Author Topic: Brexit Negotiations.  (Read 28948 times)

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Offline NikF

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Re: Brexit Negotiations.
« Reply #600 on: August 11, 2018, 11:07:52 PM »
Sounds cool to me.  8) Let's not tell him - we'll just turn up unannounced.  :laugh:
"You overestimate my power of attraction," he told her. "No, I don't," she replied sharply, "and neither do you".

Offline XB-70 Valkyrie

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Re: Brexit Negotiations.
« Reply #601 on: August 11, 2018, 11:18:54 PM »
I have first dibs on his garden shed until my wife and I can find a place to live!  8)

Seriously, I had the pleasure of meeting Aligreto last year when we were in Ireland, and I'm sure he would make a great neighbor!

When we were on a bus from Dublin to Glendalough, there was a teenage Irish kid marveling at this one huge mansion: "WOW, that place is huge!! It is gorgeous! It must cost five hundred thousand Euros!!!"

Kid, in SoCal $500K will not buy you a one-square-foot shed to store a piece of rubber dogschit.

We are seriously considering it for retirement, although we may just end up on the West coast--Ennis or Kenmare, if that's not too impractical.

« Last Edit: August 11, 2018, 11:25:21 PM by XB-70 Valkyrie »
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Online vandermolen

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Re: Brexit Negotiations.
« Reply #602 on: August 12, 2018, 02:14:46 AM »
I have first dibs on his garden shed until my wife and I can find a place to live!  8)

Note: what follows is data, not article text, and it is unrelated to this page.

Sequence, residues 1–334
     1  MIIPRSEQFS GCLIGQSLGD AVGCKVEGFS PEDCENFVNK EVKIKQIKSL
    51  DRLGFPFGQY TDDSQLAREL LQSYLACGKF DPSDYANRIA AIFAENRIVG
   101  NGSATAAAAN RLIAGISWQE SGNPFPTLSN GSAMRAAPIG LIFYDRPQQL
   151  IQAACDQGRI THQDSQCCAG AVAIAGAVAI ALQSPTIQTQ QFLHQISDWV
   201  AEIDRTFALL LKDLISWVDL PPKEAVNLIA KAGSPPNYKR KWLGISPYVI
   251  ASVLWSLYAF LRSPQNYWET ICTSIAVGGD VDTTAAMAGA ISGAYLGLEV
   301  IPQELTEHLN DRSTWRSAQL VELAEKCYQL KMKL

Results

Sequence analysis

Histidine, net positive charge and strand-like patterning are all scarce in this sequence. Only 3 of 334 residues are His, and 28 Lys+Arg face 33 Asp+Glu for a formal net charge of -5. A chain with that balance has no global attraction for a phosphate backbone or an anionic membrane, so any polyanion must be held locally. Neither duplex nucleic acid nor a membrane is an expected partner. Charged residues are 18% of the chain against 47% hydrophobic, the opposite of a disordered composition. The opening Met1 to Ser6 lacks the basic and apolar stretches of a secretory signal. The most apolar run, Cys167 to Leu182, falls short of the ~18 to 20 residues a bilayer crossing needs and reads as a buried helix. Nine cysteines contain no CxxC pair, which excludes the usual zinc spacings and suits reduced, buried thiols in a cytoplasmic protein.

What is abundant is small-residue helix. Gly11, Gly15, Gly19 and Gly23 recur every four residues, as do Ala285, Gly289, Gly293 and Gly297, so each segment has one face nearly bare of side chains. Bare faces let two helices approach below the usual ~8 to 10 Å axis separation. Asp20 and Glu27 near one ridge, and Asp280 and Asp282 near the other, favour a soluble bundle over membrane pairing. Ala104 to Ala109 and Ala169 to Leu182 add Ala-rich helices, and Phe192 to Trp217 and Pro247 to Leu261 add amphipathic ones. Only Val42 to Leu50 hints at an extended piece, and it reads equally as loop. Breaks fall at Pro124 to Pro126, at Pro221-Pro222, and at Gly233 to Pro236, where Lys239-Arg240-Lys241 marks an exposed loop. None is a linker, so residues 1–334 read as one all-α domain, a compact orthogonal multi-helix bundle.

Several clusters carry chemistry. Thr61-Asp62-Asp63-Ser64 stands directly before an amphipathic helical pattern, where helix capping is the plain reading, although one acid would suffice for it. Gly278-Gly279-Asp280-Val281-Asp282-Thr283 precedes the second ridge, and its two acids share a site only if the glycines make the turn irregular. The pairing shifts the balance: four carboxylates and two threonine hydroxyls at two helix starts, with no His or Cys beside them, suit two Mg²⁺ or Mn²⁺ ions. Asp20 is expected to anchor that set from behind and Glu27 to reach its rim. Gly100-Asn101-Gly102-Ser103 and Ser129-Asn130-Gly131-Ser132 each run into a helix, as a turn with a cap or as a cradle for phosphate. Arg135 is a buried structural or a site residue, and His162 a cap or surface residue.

Seriously, I had the pleasure of meeting Aligreto last year when we were in Ireland, and I'm sure he would make a great neighbor!

When we were on a bus from Dublin to Glendalough, there was a teenage Irish kid marveling at this one huge mansion: "WOW, that place is huge!! It is gorgeous! It must cost five hundred thousand Euros!!!"

Kid, in SoCal $500K will not buy you a one-square-foot shed to store a piece of rubber dogschit.

We are seriously considering it for retirement, although we may just end up on the West coast--Ennis or Kenmare, if that's not too impractical.
In Kemare you could visit the pier from which Moeran fell into the water to his death.
"Courage is going from failure to failure without losing enthusiasm" (Churchill).

Offline ritter

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Re: Brexit Negotiations.
« Reply #603 on: August 12, 2018, 03:06:37 AM »
But we should advise XB-70 Valkyrie to be more careful than Moeran when on that pier... :D
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Offline Mr. Minnow

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Re: Brexit Negotiations.
« Reply #604 on: August 12, 2018, 03:53:12 PM »
As we (in the UK) slide towards the 'No Deal' abyss the danger is that the government will ask for emergency powers and our democracy will be eroded, which I find very worrying.

I think it's already been eroded. We don't yet know the full extent of the Leave campaign's links with Cambridge Analytica or Arron Banks' Russian connections, but we do know that the Leave campaign has been found guilty of breaking electoral law by the Electoral Commission - yet neither the government nor the Brexit-supporting press gives a toss. So they will get away with cheating and we'll still leave, despite the huge question mark over the integrity of the result. Perhaps the most novel argument in defence of this attitude is that "you can't prove that the cheating affected the result". So if you sit an exam, cheat, and get an A grade, don't worry if you get caught - just point out that no-one can prove that your cheating made any difference to your grade. In fact, be sure to state that you're 100% confident that even if you hadn't cheated you'd still have done just as well. According to Brexiter logic, this is a watertight defence.